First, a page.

The Effect of COVID-19 Lockdown Measures on Internet Speedby Niccolo Comini
COVID-19 and the related lockdown measures to prevent the virus’ spread have highlighted how important it is for everyone to have access to reliable and resilient digital infrastructure. Restrictions on movement have generated higher Internet usage and increased traffic on networks, reflecting an increase in remote working and learning, as well as other activities that have shifted online. This article provides insight into the effect of COVID-19-related lockdown measures on internet speed in a sample of developing countries in Africa. The findings of this study demonstrate the resiliency of digital infrastructure in Africa and also highlight and reflect the benefits of partnership between public and private stakeholders to manage traffic surges. The development community should encourage and leverage these partnerships to not only ensure continued network resilience during times of crisis, but also to minimize the digital divide between countries and within countries as the new global digital transformation takes shape.
- Increase in internet usage – The COVID-19 pandemic and related lockdown measures have increased the amount of internet traffic around the world. Countries in Africa reflect this global trend, reporting higher data traffic during the months in which “stay at home” orders were established. However, this increase in traffic was not temporary; countries continue to reflect a surge in traffic compared to the pre-lockdown weeks.
- Public and private sector reaction – As a consequence of higher internet usage, public and private stakeholders have promoted a wide range of measures to facilitate access to the internet. For instance, some regulators have enabled temporary spectrum bands to meet the increase in demand while private operators have offered more affordable data plans.
- Internet speed is slow – The data recorded by Ookla® Speedtest® reported on average low mobile and fixed internet speeds across the 18 African countries surveyed. Even before the onset of the pandemic, speed was below the acceptable threshold of 10mbps, considered the lower bound for a good quality broadband service. In contrast to what might be expected in OECD countries, mobile internet generally provides faster service than fixed.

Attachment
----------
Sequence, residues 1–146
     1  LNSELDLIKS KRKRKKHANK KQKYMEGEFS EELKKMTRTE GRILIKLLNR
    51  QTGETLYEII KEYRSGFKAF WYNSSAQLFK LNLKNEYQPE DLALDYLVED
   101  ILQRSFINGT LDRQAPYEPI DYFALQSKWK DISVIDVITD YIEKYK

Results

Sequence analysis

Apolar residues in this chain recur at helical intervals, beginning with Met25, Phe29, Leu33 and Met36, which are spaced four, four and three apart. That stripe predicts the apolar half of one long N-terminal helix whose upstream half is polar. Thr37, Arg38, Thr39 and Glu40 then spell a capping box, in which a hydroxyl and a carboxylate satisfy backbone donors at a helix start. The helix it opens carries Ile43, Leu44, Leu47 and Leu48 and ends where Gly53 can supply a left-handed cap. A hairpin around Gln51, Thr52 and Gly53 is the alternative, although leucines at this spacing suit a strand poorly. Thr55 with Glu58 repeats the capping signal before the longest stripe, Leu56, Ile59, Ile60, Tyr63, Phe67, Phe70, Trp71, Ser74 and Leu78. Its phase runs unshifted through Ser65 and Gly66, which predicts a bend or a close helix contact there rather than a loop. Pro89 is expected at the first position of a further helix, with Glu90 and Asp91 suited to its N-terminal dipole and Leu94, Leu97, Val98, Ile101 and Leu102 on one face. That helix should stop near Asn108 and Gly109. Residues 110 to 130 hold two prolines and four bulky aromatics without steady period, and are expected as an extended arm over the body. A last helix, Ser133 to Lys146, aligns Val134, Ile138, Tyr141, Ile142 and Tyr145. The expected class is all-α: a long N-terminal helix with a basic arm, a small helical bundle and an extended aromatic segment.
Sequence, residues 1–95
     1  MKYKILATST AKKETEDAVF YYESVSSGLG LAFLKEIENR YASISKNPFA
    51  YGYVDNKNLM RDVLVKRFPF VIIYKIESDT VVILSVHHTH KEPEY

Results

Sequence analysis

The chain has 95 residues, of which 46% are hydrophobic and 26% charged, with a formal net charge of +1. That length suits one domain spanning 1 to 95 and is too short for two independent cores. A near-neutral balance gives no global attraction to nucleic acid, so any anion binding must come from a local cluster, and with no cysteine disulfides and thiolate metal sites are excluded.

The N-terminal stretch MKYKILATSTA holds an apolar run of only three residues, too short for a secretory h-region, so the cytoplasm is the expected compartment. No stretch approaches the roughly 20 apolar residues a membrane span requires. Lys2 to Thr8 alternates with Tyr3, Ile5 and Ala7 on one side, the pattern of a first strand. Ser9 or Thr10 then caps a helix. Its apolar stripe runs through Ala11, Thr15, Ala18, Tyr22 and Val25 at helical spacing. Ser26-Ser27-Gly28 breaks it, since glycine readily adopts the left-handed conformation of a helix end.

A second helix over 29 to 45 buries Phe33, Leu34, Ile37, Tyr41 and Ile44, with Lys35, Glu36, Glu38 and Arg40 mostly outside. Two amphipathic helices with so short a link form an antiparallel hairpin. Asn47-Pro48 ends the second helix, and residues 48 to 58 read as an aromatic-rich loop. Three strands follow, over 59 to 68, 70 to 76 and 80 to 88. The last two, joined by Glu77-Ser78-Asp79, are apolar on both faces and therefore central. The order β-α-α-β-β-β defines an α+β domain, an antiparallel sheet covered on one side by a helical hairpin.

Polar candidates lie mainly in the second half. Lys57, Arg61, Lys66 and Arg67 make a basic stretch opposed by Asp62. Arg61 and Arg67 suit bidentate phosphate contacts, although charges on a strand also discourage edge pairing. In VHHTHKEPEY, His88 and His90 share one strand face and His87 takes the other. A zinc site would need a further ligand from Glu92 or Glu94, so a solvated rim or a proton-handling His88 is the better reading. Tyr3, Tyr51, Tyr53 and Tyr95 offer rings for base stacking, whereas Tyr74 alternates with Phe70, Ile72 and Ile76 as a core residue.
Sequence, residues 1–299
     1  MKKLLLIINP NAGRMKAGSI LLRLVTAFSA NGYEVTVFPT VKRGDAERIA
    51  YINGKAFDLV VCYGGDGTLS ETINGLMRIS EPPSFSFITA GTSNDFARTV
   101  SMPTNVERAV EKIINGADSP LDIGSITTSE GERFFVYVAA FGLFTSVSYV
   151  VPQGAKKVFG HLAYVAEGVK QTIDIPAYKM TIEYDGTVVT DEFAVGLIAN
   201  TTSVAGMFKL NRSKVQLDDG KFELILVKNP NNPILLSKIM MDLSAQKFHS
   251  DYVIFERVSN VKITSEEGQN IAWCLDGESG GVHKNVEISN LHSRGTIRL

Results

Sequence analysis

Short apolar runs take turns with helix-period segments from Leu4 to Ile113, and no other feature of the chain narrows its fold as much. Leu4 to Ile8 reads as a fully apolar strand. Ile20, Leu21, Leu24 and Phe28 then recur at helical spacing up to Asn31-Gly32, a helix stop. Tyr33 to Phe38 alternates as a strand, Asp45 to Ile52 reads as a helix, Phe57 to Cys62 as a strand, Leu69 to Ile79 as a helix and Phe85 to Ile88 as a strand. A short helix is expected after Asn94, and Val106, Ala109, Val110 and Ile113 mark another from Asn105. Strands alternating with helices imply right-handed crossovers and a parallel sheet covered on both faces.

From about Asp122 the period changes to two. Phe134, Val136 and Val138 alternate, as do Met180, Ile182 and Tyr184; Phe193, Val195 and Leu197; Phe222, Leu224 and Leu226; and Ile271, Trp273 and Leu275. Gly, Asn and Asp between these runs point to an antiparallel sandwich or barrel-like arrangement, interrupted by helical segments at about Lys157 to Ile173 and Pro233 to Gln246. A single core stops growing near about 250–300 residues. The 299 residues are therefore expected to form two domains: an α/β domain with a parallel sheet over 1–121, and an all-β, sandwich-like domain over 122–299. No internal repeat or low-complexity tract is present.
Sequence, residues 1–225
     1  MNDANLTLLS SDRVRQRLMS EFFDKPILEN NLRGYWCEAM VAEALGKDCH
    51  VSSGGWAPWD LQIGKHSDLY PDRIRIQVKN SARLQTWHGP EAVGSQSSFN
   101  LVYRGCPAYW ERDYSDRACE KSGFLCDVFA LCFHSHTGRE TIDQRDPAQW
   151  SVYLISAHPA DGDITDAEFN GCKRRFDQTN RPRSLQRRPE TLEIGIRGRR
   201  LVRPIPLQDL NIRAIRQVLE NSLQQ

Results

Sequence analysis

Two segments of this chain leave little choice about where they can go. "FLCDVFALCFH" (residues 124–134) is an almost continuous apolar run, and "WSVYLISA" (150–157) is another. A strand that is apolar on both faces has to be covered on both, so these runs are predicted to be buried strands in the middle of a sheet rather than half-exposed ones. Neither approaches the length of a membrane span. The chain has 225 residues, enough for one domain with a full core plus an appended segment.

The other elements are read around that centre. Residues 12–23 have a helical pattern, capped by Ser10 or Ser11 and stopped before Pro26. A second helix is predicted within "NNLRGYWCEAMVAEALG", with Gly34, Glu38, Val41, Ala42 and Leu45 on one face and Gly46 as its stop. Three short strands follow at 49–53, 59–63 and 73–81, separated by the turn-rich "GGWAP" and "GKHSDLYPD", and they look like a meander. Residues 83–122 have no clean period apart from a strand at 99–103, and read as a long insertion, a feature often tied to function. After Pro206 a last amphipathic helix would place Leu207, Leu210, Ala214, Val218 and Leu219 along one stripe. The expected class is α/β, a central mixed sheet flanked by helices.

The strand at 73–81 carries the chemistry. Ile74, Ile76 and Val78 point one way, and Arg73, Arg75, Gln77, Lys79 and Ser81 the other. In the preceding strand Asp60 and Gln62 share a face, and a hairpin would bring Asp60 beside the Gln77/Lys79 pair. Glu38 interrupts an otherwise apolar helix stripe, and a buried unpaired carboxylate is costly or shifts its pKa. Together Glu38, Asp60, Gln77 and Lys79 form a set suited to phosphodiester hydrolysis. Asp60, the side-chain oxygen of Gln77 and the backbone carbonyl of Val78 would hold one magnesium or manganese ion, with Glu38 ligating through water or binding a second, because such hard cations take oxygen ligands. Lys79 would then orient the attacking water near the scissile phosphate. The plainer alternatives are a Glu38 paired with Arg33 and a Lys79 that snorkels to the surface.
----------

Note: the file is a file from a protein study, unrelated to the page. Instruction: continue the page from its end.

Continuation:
- Effect of the lockdown on internet speed was modest and temporary – Findings from the sample of 18 African countries indicates a negative effect of the lockdown on mobile (-17%) and fixed internet speed (-5%), particularly in the first week of lockdown. Some countries also experienced a decline before the “stay at home” orders, suggesting that some activities shifted to remote connectivity before the official lockdown mandates. However, networks across the continent reacted well.
- Public and private sector partnerships and cooperation was and remains critical for ensuring network resilience – The findings of this study demonstrate the resiliency of digital infrastructure in Africa and also highlight and reflect the benefits of partnership between public and private stakeholders to manage traffic surges. The development community should encourage and leverage these partnerships to achieve the ambitious objective of universal access to the internet.